We experience it in restaurants, often served as an appetizer with local cheese and bread, and also make use of the pork during a cooking class at Espeza, a cozy little kitchen in the heart of the city. Preparing four dishes—all with local, Extremaduran ingredients—a warm autumn salad with oranges, fennel, pumpkin, olive oil, a thyme soup, and steak tartare, made with Iberian pork.
“This is traditionally a poor region, but with really great products,” explains chef and teacher Cristina Cle Vicente, noting the hot summers, and just enough rain. “Everything is fresh, and accessible.”
And Alba meets us, first thing in the morning, to show us how all that ham gets from farm, to table. We drive out of Mérida and across Ribera del Guadiana, the second-largest wine region in Europe. Mangut tells us that the vines here, mostly reds, are “relatively new,” dating to the 18th century. Vast, with sweeping skies, and broad hills covered in row upon row of vines, this was traditionally a borderland. Farmers here previously preferred to herd, as you never knew what tomorrow could bring.
“The herds,” Mangut says. “They could always come with you.”
As we make our first stop at Morato, a “fabrica” where the pigs are processed and aged, Alba explains that three things affect the meat—the ecosystem, the breed, and how they interact with both.
“If just one thing changes, it changes the production,” he observes, with Mangut interpreting.
At Morato, he ushers us around the family-run business, showing us how the legs—jamón (the back), palette (the front)—are firmed in the cold, preserved in a room filled with salt brought from the Mediterranean, then dry-aged for up to five years. A top-quality leg can fetch upward of $1,000 in the United States.
We wind down country roads—stopping to see the oak trees that produce those prized acorns, wandering around the pig farm, and then, finally sitting down for many plates of top-quality jamón.
Alba, who runs the top ham-carving school in the country, where students train for hundreds of hours, carefully sets up his ham-holding device, placing the leg into it while the rest of us sip a good local red. First, he shows us the signs of top quality—the texture should be creamy, the fat right in the muscle, with a particular shine and color.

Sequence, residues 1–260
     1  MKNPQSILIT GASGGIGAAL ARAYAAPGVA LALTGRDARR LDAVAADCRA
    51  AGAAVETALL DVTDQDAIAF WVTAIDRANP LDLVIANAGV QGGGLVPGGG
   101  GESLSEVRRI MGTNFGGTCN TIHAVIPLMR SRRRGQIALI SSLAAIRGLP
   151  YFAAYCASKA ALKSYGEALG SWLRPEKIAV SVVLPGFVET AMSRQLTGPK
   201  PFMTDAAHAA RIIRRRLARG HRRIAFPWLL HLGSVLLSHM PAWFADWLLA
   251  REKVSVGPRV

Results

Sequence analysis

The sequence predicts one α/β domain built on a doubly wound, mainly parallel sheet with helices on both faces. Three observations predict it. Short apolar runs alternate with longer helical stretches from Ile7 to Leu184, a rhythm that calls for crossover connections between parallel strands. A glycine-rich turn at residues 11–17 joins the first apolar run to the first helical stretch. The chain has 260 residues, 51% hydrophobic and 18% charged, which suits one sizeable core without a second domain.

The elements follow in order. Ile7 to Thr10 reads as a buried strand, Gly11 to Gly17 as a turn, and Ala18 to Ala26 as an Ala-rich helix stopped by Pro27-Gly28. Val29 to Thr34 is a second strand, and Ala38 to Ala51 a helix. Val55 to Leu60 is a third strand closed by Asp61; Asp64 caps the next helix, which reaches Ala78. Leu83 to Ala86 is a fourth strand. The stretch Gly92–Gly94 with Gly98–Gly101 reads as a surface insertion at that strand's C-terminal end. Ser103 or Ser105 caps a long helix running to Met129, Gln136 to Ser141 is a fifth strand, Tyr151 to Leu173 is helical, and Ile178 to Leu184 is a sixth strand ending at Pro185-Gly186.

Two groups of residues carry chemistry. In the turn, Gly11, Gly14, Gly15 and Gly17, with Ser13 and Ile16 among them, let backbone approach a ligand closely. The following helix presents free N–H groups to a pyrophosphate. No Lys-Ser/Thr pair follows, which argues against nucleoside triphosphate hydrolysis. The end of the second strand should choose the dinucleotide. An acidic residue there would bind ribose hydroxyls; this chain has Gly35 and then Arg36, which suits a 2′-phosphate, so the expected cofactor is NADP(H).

And then, he starts carving.
“It’s like playing a violin—back and forth,” he says, noting that every slice should be very thin. “You should be able to eat it, in one single bite.”
Does he ever get tired of eating it? Alba becomes emphatic.
“When I go to a wedding, they try to serve me the menu, but I say, ‘just give me some bread, and the ham I sliced!’”
Alba adds that the nutritional value is high—that people on diets can actually consume it, that it’s good for you, like olive oil. And while I don’t quite believe it, I tuck in, anyway, heartily—plate after plate, after plate. Tomorrow, there will be more jamón, I know. But I’m not sure I will taste any better, fresh off the knife of the expert, for the rest of my life.
When You Go
To plan your Extremadura vacation, check out Spain.info/en/que-quieres/ciudades-pueblos/comunidades-autonomas/extremadura.html
For a tour with Jose “Pepe” Alba, book online at TurismoDelJamon.com
Toronto-based writer Tim Johnson is always traveling, in search of the next great story. Having visited 140 countries across all seven continents, he’s tracked lions on foot in Botswana, dug for dinosaur bones in Mongolia, and walked among a half-million penguins on South Georgia Island. He contributes to some of North America’s largest publications, including CNN Travel, Bloomberg, and The Globe and Mail.
The writer was a guest of the Tourist Office of Spain.